Stefan Burch, Regional Head of Strategic Consultancy at Cluttons
Bahrain-based Cluttons, the real estate specialist that has enjoyed a dedicated Middle Eastern presence since 1976 and has the largest footprint in the region, released their first Quarterly Market Update for 2011 (the Report).
Released at a critical juncture for the MENA region that experienced political instability in many countries, this report aims to shed light on the impact this has had on Bahrain’s real estate sector.
Tim Glover, CEO, Cluttons Bahrain commenting on the economic viability of the Kingdom’s real estate future said, “Bahrain’s short term economic fortunes rely on a speedy resolution to the current unrest.”
“I know that there is a determination in the current government and amongst the people of Bahrain to pull together and recreate the economic prosperity of recent years,” added Glover.
The Report, which is prepared by Stefan Burch, Regional Head of Strategic Consultancy at Cluttons, states that even though the demonstrations in Bahrain have been peaceful in comparison to those in Egypt, Tunisia and Libya they have, nonetheless, had a negative impact on the nation’s economy.
“On the upside the CBB (Central Bank of Bahrain) has reported that there has been no major flight of capital from the country as a result of the recent unrest. Accordingly they have announced that the US$1 billion bond issue will go ahead when costs are reasonable,” added Glover. “Coupled with oil prices exceeding US$100 a barrel for the first time since Q3 2008, government revenue is set to soar,” he added.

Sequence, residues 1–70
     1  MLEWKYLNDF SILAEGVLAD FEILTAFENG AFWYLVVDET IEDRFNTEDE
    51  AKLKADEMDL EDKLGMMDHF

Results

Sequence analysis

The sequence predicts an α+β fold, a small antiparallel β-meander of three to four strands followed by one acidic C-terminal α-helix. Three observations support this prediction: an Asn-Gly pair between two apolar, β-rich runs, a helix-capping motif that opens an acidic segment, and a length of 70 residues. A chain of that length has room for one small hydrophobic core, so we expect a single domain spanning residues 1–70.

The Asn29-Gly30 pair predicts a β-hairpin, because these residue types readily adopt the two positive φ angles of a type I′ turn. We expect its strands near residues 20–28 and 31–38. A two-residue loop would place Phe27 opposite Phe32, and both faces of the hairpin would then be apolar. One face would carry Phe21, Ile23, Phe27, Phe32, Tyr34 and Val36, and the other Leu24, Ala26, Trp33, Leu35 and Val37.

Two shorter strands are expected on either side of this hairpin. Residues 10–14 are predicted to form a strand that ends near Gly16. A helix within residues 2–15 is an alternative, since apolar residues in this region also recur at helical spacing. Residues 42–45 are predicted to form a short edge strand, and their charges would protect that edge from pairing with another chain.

The Report states that the recent unrest in the country has led to a period of stagnation in the office market as tenants and landlords wait to see what the effect of the political uncertainty will be. Burch said, “In addition to these events, high levels of Grade A and B office pipeline supply continue to fuel the trend of falling rental values. Given the high levels of supply in the market, many landlords have been forced to reduce quoting rents and offer incentives in order to secure transactions.”
Current levels of residential property stock remain high while the future pipeline supply continues to outstrip potential demand. In the short term, there has been a reduction in residential property transactions as purchasers wait to see what the longer term affects will be. “Cluttons believes that there could be a shift in the focus of expatriates from the west to the east of the island. This is a move away from the traditional expatriate neighborhoods,” added Burch.
Industrial property is likely to be a key future real estate sector as Bahrain continues to diversify away from a hydrocarbon based economy. “The industrial sector, which currently accounts for 17% of the nation’s GDP, is targeting annual investment growth of 20% as the government seeks to take advantage of increased levels of Foreign Direct Investment” said Burch.
The Report states that in existing industrial areas land sales have historically been good. Bahrain Investment Wharf (BIW) sold all but two plots reflecting a 98% take-up, Salmabad is nearly 100% full and Bahrain International Investment Park (BIIP) appears to have approximately seventy companies signed up on land plots.
“Cluttons believes that subsidised land will continue to generate demand from investors in contrast to those areas that are not subsidised. As with all real estate downturns, catering to end user demand remains critical,” concluded Glover.
Cluttons has a diverse client base that includes many high profile clients including government organizations throughout the Arabian Gulf, major private property landlords, local and international banks, and many international corporate clients operating in the region.